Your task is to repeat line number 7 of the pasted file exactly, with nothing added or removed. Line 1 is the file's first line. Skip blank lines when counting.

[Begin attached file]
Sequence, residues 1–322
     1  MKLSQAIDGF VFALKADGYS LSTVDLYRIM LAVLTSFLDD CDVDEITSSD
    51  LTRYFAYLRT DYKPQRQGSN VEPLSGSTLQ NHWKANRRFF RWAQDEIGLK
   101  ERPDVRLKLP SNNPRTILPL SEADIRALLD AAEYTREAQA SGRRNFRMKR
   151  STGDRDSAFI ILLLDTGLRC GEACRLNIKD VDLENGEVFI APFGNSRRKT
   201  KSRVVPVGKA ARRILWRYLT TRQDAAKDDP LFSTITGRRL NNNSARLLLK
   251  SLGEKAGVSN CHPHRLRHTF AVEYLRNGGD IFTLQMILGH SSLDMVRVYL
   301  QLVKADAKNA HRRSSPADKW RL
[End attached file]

   251  SLGEKAGVSN CHPHRLRHTF AVEYLRNGGD IFTLQMILGH SSLDMVRVYL